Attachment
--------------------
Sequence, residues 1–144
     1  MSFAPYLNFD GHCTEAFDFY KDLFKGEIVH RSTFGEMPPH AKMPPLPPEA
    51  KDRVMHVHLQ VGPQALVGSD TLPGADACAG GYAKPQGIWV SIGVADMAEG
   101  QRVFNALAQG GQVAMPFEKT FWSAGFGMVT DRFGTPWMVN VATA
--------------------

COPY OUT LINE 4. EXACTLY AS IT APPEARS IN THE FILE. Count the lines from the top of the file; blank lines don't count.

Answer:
   101  QRVFNALAQG GQVAMPFEKT FWSAGFGMVT DRFGTPWMVN VATA